Who We Are
The ACLU Campaign for Smart Justice is an unprecedented, multiyear effort to reduce the U.S. jail and prison population by 50% and to combat racial disparities in the criminal justice system. We are working for reforms in Alabama and all 50 states to usher in a new era of justice in America.
Why We Must End Mass Incarceration
Imprisonment is a brutal and costly response to crime that traumatizes incarcerated people and hurts families and communities. It should be the last option, not the first. Yet the U.S. incarcerates more people, in both absolute numbers and per capita, than any other nation in the world.
Just look at the facts:
- In Alabama, the incarcerated population has skyrocketed since 1980, growing five-fold as of 2017. This growth is forcing state-run prisons to operate at 164% capacity, which ranks as the most overcrowded prisons in the country.
- Most of the people in Alabama county jails have never been convicted of a crime -- more than 70% are awaiting trial.
- In addition to the rate of incarceration, which ranks third nationally in the rate of people imprisoned, Alabama also has around half of people in Alabama's prisons serving a sentence of 20 years or more.
- One out of every three Black boys born today can expect to go to prison in his lifetime, as can one of every six Latino boys, compared to one of every 17 white boys. At the same time, women are the fastest growing incarcerated population in the United States, and Alabama ranks sixth nationally for the rate of women imprisoned.
- Alabama's prison system costs taxpayers $478 million of its general fund on corrections in 2016, which is a 126% increase since 1985. This money should be spent building up, not further harming our communities. Investment, not incarceration, is how we improve safety.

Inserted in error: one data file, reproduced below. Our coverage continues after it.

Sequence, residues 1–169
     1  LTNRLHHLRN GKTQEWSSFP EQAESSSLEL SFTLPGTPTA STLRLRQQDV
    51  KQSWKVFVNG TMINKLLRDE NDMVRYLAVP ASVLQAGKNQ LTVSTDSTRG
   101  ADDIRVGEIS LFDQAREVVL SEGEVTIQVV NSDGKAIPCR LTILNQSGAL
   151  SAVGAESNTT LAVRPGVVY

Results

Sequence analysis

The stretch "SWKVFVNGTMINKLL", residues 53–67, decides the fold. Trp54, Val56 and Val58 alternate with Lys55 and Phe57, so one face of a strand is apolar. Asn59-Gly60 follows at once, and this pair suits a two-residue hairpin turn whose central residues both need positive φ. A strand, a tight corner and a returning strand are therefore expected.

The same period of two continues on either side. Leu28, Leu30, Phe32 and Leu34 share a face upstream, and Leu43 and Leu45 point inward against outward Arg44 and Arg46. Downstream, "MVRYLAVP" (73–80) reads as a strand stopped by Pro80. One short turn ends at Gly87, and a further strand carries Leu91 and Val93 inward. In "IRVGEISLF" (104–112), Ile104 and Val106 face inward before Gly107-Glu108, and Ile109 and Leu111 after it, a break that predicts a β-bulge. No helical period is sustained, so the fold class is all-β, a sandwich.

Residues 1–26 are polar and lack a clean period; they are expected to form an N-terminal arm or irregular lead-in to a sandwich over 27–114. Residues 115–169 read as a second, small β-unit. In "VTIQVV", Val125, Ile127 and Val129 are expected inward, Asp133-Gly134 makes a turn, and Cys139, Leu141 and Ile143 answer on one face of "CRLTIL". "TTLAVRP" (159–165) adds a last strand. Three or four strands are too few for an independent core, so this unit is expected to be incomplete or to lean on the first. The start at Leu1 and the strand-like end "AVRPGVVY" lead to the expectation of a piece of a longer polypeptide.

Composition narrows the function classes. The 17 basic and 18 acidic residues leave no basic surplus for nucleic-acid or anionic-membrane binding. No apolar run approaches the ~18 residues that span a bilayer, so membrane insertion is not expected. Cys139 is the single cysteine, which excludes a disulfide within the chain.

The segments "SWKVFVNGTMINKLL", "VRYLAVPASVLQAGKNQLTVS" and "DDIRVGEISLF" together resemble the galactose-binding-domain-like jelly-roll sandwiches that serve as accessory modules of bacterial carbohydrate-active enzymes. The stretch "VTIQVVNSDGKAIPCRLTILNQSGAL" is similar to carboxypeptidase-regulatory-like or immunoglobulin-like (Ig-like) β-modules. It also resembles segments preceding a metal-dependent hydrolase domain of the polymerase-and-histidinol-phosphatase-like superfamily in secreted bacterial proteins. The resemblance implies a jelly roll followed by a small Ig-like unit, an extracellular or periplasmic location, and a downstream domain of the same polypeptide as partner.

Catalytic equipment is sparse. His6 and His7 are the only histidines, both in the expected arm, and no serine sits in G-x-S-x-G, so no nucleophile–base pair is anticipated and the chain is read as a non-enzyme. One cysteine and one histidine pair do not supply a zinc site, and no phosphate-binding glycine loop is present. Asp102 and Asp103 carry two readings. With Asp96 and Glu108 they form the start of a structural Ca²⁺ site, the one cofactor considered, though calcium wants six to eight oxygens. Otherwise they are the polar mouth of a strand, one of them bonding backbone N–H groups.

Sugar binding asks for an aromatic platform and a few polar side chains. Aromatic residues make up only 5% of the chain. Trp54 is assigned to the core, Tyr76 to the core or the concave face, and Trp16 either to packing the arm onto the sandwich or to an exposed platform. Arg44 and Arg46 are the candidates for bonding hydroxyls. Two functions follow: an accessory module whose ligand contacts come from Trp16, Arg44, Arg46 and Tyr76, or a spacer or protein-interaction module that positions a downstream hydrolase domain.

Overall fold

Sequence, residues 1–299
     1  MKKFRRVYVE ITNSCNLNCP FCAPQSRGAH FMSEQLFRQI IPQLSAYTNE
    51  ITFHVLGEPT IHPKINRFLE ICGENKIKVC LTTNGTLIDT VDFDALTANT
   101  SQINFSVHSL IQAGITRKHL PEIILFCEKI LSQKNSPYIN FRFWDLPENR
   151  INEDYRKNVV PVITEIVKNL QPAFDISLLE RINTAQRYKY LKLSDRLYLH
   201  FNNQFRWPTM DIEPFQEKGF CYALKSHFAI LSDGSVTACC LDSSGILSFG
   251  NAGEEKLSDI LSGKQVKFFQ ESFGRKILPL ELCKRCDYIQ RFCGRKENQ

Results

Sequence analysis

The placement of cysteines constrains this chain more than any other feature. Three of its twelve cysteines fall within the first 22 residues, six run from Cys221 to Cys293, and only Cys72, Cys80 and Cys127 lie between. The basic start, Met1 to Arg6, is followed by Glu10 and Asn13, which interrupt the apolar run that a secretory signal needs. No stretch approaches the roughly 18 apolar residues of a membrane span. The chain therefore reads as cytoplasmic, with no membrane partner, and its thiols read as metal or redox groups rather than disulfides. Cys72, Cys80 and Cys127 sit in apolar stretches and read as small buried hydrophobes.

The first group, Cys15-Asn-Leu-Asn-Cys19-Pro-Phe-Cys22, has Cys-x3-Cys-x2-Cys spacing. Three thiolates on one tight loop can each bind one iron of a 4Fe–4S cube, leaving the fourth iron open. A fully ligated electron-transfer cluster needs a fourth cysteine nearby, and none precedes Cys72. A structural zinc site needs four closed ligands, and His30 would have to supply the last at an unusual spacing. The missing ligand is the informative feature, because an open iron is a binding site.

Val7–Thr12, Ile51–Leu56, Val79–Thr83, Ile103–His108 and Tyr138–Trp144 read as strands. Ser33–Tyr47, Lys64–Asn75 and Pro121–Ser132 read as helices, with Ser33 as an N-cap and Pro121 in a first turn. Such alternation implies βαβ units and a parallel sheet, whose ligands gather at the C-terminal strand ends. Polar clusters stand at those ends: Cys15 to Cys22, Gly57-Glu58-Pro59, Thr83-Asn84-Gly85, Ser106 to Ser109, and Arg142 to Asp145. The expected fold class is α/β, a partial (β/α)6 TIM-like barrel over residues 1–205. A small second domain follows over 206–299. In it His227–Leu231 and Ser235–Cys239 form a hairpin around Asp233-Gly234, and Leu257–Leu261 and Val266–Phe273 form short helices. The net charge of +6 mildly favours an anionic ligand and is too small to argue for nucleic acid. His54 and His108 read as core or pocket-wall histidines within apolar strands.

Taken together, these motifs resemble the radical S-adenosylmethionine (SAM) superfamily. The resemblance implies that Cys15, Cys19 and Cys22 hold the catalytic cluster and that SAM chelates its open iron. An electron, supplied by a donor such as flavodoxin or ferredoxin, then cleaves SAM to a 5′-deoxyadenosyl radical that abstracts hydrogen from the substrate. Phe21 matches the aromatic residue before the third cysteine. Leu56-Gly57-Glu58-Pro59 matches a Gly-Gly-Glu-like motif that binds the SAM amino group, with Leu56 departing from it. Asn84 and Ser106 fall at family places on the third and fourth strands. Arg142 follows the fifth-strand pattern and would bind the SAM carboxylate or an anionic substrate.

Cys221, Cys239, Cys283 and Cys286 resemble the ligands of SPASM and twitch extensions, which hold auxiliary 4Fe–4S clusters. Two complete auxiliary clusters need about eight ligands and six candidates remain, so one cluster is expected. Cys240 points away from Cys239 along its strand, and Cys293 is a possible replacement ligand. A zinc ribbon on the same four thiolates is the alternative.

How We Do It
The Campaign for Smart Justice is fighting in the legislatures, the courts, and the streets to end mass incarceration.
Unjust and for-profit bail systems needlessly lock up millions of people who haven't been convicted of a crime just because they can't afford to pay bail. We're overhauling this harmful system that strips people of their rights, targets poor people and people of color, and hurts families and communities.
We must reduce both the number of people entering jails and prisons, and the extreme laws and policies that drive extraordinarily long prison terms.
Prosecutors across the country work towards convictions, not justice. These elected officials bear great responsbility for driving mass incarceration. We're changing that by challenging prosecutorial abuse in the courts and legislatures and through voter education.
Each year, 600,000 men and women nationwide return from prison to their communities. Yet the challenges do not end once the prison bars are lifted. They face nearly 50,000 federal, state, and local legal restrictions that make it difficult to reintegrate back into society. We are working to end the collateral consequences that are imposed on people living with a criminal record.